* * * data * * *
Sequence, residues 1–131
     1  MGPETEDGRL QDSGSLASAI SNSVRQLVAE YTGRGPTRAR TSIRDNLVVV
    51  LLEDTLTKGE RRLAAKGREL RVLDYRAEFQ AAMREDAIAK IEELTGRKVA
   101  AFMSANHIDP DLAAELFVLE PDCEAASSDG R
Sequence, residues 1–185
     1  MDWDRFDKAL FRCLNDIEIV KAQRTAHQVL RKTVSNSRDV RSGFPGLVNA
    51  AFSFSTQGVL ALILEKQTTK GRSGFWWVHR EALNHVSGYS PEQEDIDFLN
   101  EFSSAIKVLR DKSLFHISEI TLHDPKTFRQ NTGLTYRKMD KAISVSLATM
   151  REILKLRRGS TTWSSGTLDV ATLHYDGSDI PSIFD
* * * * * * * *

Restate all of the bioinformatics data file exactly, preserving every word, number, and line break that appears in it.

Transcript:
Sequence, residues 1–131
     1  MGPETEDGRL QDSGSLASAI SNSVRQLVAE YTGRGPTRAR TSIRDNLVVV
    51  LLEDTLTKGE RRLAAKGREL RVLDYRAEFQ AAMREDAIAK IEELTGRKVA
   101  AFMSANHIDP DLAAELFVLE PDCEAASSDG R
Sequence, residues 1–185
     1  MDWDRFDKAL FRCLNDIEIV KAQRTAHQVL RKTVSNSRDV RSGFPGLVNA
    51  AFSFSTQGVL ALILEKQTTK GRSGFWWVHR EALNHVSGYS PEQEDIDFLN
   101  EFSSAIKVLR DKSLFHISEI TLHDPKTFRQ NTGLTYRKMD KAISVSLATM
   151  REILKLRRGS TTWSSGTLDV ATLHYDGSDI PSIFD